"Go look."

"Look at what?"

"Go to the door and look. And be normal."

"Okay. Be normal. Easy. Cake walk. So very normal the morning we're having, just you and me Neen. Looking at the--"

He lets out a soft, defeated whine behind me when my words trail off. The door stands in front of us--the locks all locked and the alarm light shining green--but so does a cardboard box. A cardboard box sitting just outside the front door, taped up tight with messy block letters scribbled onto the sides.

"You're seeing it?"


"And you're being normal?"


"It says fragile." And it does, in big block letters all over.

"There's a box on the porch."

"Says Open me!, too." And it does, in the same block letters, on any blank space that doesn't say fragile.

"Why is there a box on the porch?"

"I was hoping I imagined it, honestly. I spent most of my morning just standing here and staring at it like maybe it'd just disappear if I gave it my undivided attention."


"Not a new one since last week's extension. Checked all the old ones, too. Went through them all and not a single mention of a box on the porch."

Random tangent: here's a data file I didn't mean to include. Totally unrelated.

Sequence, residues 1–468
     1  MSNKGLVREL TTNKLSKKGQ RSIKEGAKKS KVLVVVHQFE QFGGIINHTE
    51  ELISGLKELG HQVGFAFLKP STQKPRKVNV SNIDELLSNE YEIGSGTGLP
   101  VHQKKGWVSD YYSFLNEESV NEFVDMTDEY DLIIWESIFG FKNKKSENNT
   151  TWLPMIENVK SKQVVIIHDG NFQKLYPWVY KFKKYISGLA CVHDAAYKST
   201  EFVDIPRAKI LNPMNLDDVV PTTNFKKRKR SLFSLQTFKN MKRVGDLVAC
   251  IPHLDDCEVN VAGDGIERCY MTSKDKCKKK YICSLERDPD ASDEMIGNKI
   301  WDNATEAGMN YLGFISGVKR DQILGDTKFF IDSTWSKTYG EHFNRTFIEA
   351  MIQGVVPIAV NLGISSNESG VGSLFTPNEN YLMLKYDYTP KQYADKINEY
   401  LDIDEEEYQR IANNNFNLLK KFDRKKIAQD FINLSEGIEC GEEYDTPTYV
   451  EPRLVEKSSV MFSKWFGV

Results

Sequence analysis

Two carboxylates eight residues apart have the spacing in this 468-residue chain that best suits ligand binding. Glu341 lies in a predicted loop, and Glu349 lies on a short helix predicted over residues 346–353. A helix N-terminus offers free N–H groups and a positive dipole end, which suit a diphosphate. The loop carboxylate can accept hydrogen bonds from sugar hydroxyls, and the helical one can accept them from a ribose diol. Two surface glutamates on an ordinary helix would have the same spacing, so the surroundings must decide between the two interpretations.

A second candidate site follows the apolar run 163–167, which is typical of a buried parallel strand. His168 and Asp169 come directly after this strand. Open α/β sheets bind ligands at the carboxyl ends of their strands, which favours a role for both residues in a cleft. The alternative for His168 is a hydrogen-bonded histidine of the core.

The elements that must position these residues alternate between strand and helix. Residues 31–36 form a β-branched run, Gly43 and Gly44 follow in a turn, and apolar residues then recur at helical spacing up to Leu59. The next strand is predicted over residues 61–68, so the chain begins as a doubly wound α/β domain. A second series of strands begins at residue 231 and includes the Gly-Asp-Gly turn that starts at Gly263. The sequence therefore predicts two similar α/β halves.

"Is it a care package?"

"A bomb?"

"Could be empty."

"Psychological warfare."

"Exactly." I take a deep breath. "It doesn't exist."

I step back from the door and herd Arnie away with me. We backtrack to the sun room, sit on the floor by the couch so we can't see across the house.

"Whatever it is," I say, my voice coming out steadier than I feel, "it doesn't exist."


"Shared hallucination. Isolation got the better of us."

"Just this once."


But the box does exist, and with it a million and one questions, comments, concerns. With it a locked door. With it the sound of some bone-tired student shushing a room to zoom in and further examine our reactions. With it the pinching of skin as Arnie and I clutch at each other's hands. It's just a box. It's just a tiny blip in the routine:

Wake up. Stretch. Breakfast. Brush your teeth. Shower. Get dressed. Make-up, hair. Ready for the day. Read in the sun room. Stupid box on the stupid porch.

ExcerptMysteryShort Story

About the Creator

l.j. swann

PA based aspiring author

i’m probably crying over an empty page

Twitter - @eeljeel